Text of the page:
Sergio Mujica, Secretary-General of the ISO
Subscribers and visitors to our site may recall that recently we launched an online campaign to lobby the International Standards Organization, since it is the authorizing body that classifies and approves emoji country flags. Presently it doesn’t endorse Tibet as a distinct territory, but classifies it as part of China. This means there exists no emoji of the Tibetan flag that can be used within social media platforms. As there are for Palestine and Western Sahara.
Partner organizations within the Unicode Consortium (such as Facebook, Apple, et al) follow the lead of the ISO and have subsequently not requested or initiated a Tibetan flag emoji. We regarded this a grossly unfair and a form of censorship and have lobbied those corporations with voting rights and pressed the case for Tibet. In addition on September 17, 2018 we sent an appeal to Mr Sergio Mujica ISO Secretary-General highlighting the inconsistencies of his organization with regard to classifying emoji country flags and requesting that a review be made with respect to Tibet and its flag.
No response has been received, and despite further communications to the ISO requesting the courtesy of a response to our appeal, Mr Mujica has chosen to ignore the concerns presented to him. Given the weeks which have passed since contacting his office and the lack of response from the ISO Twitter account we have decided to make public our appeal.
ISO Headquarters in Geneva
We do so to better inform our many supporters and friends worldwide and to highlight what is clearly double-standards operated by the ISO and Unicocde Consortium which happily approved emoji flags for Palestine and Western Sahara yet is appeasing the Chinese regime by effectively censoring an Tibetan flag emoji.
The full copy of our appeal to the ISO Secretary General may be read here https://www.docdroid.net/jZAVRMh/isoletter.pdf For ease of reference we have highlighted key sections of the communication.
We shall continue to press the ISO for a response and meanwhile report upon and expose those within the Unicode Consortium who are blocking users of social media the freedom to post an emoji of the Tinetan national flag.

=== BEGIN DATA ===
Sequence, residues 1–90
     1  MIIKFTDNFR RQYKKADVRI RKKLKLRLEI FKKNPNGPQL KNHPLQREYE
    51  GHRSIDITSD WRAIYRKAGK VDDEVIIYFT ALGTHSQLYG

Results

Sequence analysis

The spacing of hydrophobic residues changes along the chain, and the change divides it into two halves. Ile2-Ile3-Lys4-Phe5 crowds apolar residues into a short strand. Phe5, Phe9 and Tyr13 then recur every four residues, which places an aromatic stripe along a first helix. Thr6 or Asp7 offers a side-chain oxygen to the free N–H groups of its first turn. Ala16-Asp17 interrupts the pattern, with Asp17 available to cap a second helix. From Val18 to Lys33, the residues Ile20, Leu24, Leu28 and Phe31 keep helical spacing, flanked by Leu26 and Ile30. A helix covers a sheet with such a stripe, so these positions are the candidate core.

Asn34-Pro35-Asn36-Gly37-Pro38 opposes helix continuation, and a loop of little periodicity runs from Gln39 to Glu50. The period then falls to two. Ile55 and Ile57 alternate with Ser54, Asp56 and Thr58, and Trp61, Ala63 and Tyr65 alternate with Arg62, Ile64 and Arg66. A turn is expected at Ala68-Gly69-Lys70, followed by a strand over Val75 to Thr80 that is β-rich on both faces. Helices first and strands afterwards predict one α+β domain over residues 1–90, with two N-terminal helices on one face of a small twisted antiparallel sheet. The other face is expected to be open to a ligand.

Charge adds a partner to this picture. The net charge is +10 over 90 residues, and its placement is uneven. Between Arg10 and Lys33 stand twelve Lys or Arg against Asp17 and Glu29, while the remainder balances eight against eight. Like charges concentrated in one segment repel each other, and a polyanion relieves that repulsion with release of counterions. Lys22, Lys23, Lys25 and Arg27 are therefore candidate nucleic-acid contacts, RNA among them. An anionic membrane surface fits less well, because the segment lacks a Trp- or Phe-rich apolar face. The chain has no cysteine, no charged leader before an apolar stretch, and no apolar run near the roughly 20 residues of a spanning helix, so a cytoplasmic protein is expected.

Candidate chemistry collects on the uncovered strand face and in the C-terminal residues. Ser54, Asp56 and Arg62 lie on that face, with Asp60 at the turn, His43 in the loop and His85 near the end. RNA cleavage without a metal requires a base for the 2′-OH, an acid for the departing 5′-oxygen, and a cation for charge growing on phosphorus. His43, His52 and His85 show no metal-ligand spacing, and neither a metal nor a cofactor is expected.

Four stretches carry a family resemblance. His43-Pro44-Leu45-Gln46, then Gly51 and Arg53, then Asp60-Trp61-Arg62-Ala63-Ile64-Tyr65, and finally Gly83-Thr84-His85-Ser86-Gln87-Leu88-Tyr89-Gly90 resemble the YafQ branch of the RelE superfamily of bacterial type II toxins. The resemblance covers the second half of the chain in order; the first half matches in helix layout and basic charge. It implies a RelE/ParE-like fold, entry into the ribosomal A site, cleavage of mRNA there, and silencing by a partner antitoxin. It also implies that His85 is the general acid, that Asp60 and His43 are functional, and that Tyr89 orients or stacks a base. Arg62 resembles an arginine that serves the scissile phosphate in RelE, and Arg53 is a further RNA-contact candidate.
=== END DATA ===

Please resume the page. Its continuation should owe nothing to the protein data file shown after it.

As we’ve reported. people using cell-phones, tablets and laptops are being denied the choice to include in their tweets, facbook posts, instagram comments, and elsewhere across the digi-verse, an emoji of the Tibetan flag. The reason is due to a decision reached by the Unicode Consortium (UC), an umbrella organization comprised of major vendors such as Google, Apple, Twitter, Facebook, Amazon, Netflix, Mozilla and others, who vote an approval for the emojis we use. No endorsement, no emoji. Now it’s probably no accident that many of the organizations who get to authorize on these have commercial relations with China, and we all know what the regime of that country thinks of the Tibetan flag. Right?
We are curently sending a direct appeal to all the major voters within the UC detailing why they should approve an emoji of Tibet’s flag. Not least of all because to deny Tibetans around the world, and those who support the Tibetan cause for freedom, the option to display that emblem in their communincations on social media is a flagrant denial of freedom-of-expression. Of course such lobbying may or may not realize a change of position from such organizations, and for sure it will prove a long haul. With that in mind until such time as Tibet’s national emblem is accorded an emoji we are hereby issuing notice that we’ve hijacked the Sunrise Over Mountains emoji 🌄 which we shall be using as substitute symbol for the Tibetan flag. Sharing as it does with the Tibetan emblem the central feature of the sun rising above the mountain we think it’s an apposite symbol.
In keeping with principles of compassion and non-violence we shall make every effort to ensure that the kidnapped emoji is comfortable and in good health. However it’s release is entirely contigent upon the Unicode Consortium and its multi-national corporations meeting in full our demand that they approve an emoji for the flag of Tibet.
Meanwhile we shall be inviting our friends across social-media and those supporting human-rights, Tibet and free-speech to join us in using this emoji to represent the Tibetan flag.
Useful communication, or annoying fad? Could be that emojis aren’t your thing, but they are an important and increasing method of communication across social media, especially Twitter.
There’s emojis for many flags of the world and yet this is the #emoji –> 🏴 which the Unicode Consortium (the authority which approves and cauthorizes emoji) has decided for the Tibetan flag!
We regard this as censorship, which no doubt greatly pleases the Chinese regime. Which is why today we appealed to the Unicode Consortium to approve and create an emoji of Tibet’s flag.
Our statement can be read: HERE
If you would like to see the Tibetan flag as an emoji which can then be easily included on posts acoss social media then contact Unicode Consortium via Twitter @unicode or by email at email@example.com